As a reminder, this essay is the one that you will write about a specific social issue that affects your culture (which you wrote about in the last capstone essay, the Cultural Identity essay). You’ll research the issue, explain what it is, and then explain how it affects your culture. For example, if your cultural identity essay was about being an African American girl, you might write about the epidemic of low birth weight babies among black mothers in America. If you wrote about being a gamer, you might write about sexism in the gaming world. If you wrote about otaku culture, you might write about gatekeeping and elitism in the otaku community.

Anyway, today we are going to be completing activity 2.15 in Springboard. We will be reading a UN proclamation and an article about childhood hunger, then answering the Second Read questions and discussing childhood hunger, the worldwide statistics, and how we can work towards solving the problem together.

Closing Session
Think-Pair-Share: Talk to your partner and brainstorm for a few minutes about something you could do to address the issue of childhood hunger. Let’s share some ideas with the class!

Assessment
Formative (book check of Second Read questions)

Differentiation
Process (scaffolded questions)

World Lit: Author’s Stylebook: Description

Standard: ELAGSE9-10W3 Write narratives to develop real or imagined experiences or events using effective technique, well-chosen details, and well-structured event sequences.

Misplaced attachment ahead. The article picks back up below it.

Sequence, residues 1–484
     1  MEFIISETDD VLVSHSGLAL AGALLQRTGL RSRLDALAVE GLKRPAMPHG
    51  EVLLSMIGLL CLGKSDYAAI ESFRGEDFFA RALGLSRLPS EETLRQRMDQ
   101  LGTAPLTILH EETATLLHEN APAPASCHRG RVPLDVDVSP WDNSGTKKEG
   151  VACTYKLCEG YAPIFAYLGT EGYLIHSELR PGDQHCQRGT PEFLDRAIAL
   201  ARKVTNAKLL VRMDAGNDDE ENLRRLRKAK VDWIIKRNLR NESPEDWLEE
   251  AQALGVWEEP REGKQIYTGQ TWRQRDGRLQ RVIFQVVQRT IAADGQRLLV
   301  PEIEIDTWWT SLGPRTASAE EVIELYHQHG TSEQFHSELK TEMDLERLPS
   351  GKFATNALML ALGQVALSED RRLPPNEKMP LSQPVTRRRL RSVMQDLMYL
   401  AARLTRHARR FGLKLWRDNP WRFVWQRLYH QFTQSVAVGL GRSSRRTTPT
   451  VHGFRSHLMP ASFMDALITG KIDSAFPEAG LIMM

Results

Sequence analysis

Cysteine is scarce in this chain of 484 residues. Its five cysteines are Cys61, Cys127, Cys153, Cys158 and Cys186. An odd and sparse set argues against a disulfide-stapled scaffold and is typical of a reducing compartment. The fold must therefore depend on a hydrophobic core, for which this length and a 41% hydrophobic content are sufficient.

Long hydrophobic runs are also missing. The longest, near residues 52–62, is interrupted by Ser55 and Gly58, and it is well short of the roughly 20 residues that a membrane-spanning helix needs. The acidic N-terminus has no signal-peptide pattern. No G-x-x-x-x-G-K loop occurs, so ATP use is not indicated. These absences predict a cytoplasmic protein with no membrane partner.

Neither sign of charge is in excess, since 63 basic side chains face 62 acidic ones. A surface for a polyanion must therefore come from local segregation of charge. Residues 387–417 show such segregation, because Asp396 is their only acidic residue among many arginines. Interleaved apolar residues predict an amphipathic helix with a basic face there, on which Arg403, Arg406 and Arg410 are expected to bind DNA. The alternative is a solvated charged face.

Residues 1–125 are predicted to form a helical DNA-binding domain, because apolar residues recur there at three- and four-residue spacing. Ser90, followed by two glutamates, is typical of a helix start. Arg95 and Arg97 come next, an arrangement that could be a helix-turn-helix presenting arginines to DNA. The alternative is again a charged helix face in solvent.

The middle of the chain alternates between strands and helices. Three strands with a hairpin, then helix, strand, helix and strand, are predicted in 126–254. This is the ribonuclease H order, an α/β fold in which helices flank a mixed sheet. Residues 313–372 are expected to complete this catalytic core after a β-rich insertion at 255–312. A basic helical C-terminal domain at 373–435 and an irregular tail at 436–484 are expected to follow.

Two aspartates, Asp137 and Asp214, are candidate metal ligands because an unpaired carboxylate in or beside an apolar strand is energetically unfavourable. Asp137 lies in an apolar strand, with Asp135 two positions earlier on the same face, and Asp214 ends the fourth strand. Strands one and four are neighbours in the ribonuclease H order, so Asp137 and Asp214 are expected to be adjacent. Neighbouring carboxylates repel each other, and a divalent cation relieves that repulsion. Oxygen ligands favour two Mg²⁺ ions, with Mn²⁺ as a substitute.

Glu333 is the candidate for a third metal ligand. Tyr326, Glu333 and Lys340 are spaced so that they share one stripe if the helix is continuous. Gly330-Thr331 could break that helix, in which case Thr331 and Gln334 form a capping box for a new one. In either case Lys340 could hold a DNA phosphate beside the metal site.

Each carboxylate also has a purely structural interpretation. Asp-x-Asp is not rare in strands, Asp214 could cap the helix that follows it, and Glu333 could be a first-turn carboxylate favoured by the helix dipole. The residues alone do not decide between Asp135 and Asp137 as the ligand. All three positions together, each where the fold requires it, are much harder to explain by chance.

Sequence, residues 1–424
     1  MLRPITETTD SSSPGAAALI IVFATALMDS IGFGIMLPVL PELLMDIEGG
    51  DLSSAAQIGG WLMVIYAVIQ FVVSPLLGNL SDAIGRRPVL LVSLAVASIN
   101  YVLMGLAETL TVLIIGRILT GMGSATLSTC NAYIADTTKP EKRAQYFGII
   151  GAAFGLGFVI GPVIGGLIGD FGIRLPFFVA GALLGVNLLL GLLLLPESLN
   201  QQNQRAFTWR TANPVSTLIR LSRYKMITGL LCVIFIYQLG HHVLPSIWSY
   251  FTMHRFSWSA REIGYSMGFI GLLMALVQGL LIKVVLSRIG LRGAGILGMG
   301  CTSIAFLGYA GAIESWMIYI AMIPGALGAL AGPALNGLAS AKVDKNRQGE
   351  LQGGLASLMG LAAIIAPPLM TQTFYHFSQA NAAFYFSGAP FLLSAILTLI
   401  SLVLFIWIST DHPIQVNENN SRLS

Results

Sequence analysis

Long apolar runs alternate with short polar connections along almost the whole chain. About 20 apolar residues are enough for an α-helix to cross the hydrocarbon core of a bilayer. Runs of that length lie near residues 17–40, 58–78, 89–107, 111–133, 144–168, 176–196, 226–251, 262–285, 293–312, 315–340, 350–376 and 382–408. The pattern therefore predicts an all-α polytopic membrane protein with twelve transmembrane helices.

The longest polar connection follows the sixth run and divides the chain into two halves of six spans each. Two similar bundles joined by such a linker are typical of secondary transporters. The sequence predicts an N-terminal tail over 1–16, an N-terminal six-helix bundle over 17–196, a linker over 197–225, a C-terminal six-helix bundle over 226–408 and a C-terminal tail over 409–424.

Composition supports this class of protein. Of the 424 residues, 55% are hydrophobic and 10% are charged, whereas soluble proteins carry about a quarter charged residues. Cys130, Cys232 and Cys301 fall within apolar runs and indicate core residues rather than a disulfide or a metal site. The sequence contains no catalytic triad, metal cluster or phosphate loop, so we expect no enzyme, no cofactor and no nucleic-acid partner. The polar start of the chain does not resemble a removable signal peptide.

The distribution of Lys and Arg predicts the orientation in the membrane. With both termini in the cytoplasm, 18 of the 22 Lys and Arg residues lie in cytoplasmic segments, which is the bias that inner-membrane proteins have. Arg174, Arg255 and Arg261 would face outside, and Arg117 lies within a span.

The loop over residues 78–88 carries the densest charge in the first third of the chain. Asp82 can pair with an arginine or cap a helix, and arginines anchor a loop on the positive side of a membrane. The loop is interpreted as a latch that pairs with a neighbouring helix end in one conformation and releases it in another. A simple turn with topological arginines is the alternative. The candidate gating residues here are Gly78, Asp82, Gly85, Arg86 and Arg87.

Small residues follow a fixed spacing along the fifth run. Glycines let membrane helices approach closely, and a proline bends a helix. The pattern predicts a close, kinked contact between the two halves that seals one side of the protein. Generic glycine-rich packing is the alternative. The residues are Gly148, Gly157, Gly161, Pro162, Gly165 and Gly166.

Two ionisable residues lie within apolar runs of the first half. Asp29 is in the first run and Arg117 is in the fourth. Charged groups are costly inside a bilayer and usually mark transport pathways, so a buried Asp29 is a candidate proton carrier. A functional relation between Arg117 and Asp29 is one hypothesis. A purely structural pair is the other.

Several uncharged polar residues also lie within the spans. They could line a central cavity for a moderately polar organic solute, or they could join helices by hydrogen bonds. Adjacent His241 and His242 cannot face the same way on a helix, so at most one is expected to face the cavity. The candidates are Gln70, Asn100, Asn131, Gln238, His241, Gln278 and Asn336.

Learning Target: I can identify and evaluate the author’s use of sensory details and figurative language.

Opening Session: I want to read a personal narrative I wrote when I was in college

Work Session: Flip in your Springboards to page 138 and look at the story “If You Are What You Eat, Then What Am I?”. Today we will be reading this short essay and considering sensory details in our own writing, so you can also get out the childhood narrative we’ve been working on for the past couple days

I’ll take a volunteer to read the essay aloud (just one, it’s short) and then I want you guys to do the sensory detail chart on page 140. We will go over it together. Next, I want you to take about fifteen minutes with your childhood narrative and add in some of these sensory details. Consider smells, textures, and figurative language to make your writing come alive, such as the description of tuna as “pink and shiny, like an internal organ.” Consider adding to your narrative to make it connect to a larger story, like how the author uses tuna to demonstrate how little both he and his mother understand about the world.

Finally, I want you to make your own sensory detail chart, and fill it out for your own story.

Closing Session: Anyone got a sensory detail they’re particularly proud of? Share out!

Assessment: Informal (book check)

Differentiation: Process (scaffolding)